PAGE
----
CONTINUED ATTACKS ON
TAMILS - JULY/AUGUST 1981
August (1981) incidents of violence centred on three specific areas: the gem mining area
of Ratnapura, Negombo near the capital city of Colombo, and the plantation towns in
central Sri Lanka. Before the violence was brought under control... at least 10 Indian
Tamils had been killed, numerous Tamil shops and businesses burned, and more than 5000
Indian Tamils had fled to refugee camps...
It was widely reported that attacks in Negombo as well as an attack against passengers
on a Jaffna to Colombo train were made by organised gangs. Tamil sources stated that it
could not be ruled out that people close to the government were behind the organised
They also claimed that the police and the army did not intervene to prevent attacks until
the declaration of the state of emergency many days after the attacks began..."
Virginia Leary: Ethnic Conflict and Violence in Sri Lanka - Report of a Mission to Sri
Lanka on behalf of the International Commission of Jurists, July/August 1981
''It is clear that subsequent violence in July and August, which was directed
against Sri Lanka Tamils in the east and south of the country, and... Tamil estate workers
in the central region, was not random.
It was stimulated, in some cases organised, by members of the ruling UNP, among them
intimates of the President.
In all 25 people died, scores of women were raped, and thousands were made homeless,
losing all their meagre belongings. But the summer madness, which served the dual purpose
of quietening Tamil calls for Eelam, that is a separate state, and taking the minds of the
Sinhala electorate off a deepening economic crisis is only one of the blemishes on the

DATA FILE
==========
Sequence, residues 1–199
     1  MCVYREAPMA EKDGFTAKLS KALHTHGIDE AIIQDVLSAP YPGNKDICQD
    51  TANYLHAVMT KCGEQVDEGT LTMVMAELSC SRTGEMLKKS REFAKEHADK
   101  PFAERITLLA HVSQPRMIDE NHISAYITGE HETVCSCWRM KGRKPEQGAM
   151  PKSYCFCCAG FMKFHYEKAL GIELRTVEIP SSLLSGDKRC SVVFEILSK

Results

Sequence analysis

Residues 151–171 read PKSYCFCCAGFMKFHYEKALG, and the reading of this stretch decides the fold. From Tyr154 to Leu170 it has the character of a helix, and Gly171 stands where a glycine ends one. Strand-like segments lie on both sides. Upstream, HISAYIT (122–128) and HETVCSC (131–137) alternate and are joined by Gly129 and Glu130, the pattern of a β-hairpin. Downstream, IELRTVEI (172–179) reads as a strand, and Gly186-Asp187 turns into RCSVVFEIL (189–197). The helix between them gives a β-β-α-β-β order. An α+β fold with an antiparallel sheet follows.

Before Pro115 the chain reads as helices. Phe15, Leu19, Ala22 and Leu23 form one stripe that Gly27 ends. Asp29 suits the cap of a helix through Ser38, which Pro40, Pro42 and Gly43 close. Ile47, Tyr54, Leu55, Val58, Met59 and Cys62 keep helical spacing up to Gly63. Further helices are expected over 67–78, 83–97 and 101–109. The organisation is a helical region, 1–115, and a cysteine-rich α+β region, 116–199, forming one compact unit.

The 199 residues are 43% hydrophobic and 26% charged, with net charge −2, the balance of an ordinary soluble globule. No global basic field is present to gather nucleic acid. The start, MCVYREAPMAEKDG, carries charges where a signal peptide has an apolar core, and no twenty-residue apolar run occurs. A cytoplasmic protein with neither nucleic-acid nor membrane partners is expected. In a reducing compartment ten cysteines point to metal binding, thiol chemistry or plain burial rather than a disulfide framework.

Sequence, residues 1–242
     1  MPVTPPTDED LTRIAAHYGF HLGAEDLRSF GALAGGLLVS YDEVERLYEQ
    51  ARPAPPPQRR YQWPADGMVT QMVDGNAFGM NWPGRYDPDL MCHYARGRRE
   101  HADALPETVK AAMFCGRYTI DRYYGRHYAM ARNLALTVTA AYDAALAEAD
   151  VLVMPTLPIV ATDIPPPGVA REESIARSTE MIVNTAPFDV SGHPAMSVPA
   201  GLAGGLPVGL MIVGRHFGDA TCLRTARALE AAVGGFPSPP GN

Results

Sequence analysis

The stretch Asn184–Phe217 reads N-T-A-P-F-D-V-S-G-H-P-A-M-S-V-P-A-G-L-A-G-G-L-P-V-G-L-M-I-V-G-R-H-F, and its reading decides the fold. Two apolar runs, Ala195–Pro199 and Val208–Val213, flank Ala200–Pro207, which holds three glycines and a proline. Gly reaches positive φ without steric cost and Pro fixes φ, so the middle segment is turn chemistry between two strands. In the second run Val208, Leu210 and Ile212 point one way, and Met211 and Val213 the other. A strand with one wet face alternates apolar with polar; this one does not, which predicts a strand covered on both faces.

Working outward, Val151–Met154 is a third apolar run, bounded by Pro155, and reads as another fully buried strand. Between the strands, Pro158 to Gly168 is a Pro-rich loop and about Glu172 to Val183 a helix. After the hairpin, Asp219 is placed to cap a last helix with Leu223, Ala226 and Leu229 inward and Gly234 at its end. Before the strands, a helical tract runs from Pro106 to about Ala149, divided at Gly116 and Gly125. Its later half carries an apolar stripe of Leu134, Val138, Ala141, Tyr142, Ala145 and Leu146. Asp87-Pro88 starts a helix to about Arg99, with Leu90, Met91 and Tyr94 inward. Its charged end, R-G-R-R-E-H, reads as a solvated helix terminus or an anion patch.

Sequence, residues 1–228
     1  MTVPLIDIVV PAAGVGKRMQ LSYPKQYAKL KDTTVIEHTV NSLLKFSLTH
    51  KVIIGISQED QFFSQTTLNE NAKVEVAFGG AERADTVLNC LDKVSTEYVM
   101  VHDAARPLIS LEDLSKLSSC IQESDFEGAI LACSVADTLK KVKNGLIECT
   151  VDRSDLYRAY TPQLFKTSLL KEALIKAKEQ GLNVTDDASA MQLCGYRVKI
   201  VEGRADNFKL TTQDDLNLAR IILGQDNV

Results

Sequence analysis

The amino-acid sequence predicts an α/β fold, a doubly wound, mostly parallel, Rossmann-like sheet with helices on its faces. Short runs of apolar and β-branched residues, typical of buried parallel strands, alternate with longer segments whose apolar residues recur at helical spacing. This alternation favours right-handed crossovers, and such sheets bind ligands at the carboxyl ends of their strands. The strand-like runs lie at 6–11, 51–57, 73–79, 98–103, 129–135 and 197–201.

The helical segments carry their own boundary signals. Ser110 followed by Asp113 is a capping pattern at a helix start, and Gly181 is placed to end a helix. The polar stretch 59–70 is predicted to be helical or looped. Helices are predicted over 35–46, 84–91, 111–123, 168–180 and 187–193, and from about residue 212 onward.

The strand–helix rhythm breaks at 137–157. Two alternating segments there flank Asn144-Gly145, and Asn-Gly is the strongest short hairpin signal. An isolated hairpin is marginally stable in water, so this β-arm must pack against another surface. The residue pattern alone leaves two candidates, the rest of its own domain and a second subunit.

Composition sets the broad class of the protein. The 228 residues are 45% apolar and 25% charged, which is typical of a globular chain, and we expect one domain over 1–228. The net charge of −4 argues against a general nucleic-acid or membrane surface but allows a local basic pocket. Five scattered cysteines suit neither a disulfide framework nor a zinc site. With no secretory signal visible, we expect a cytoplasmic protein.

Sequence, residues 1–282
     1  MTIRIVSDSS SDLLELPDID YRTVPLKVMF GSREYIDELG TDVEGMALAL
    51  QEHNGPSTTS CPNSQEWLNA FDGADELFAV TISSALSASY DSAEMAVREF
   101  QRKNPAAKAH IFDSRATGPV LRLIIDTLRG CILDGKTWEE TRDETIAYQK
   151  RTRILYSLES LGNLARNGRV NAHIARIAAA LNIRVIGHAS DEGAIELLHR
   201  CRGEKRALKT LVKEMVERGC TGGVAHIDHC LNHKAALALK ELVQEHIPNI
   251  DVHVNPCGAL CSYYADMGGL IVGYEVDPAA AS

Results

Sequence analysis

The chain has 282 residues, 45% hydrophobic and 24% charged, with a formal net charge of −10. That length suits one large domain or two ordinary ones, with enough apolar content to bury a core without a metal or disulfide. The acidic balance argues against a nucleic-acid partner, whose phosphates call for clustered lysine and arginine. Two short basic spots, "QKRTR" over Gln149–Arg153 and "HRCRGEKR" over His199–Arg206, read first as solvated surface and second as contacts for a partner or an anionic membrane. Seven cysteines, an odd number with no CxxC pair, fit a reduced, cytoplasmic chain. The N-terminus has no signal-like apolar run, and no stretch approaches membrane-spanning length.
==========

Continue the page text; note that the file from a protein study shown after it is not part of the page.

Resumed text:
face of the island.
Since Jayawardene came to power four years ago, a system of what his critics call
'State Terrorism' has brought an Ulster style situation in the Tamil majority areas of the
north and the east...
Hundreds have been detained without charge or trial. This year at least 156 Tamil youths
have been detained and tortured, then released. Thirty five are still held at Colombo's
Panagoda Army Camp. Human rights workers, Sinhalese as well as Tamil, told me that the
most favoured tortures are hanging prisoners upside down on heaps of burning chillies and
inserting needles under their finger nails.'' - Brian Eads, London Observer, 20
''In April and May 1981 some 30 members of the Tamil minority were arrested without
warrant and held incommunicado following a bank raid in Neervely in which two policemen
were killed... On 30 April and 11 June Amnesty International expressed its concern to
President Jayawardene about these reports and urged him to allow all detainees immediate
access to lawyers and relatives... At the end of 1981, 22 were still held without charge
or trial in Panagoda Army camp; five in solitary confinement...
Amnesty subsequently received allegations that all the detainees had been tortured.
Habeas Corpus applications of four detainees resulted in their first court appearance...
In its judgment on these petitions the Appeal Court ruled that torture and ill treatment
had occurrred in two cases...'' - Amnesty International Report, 1982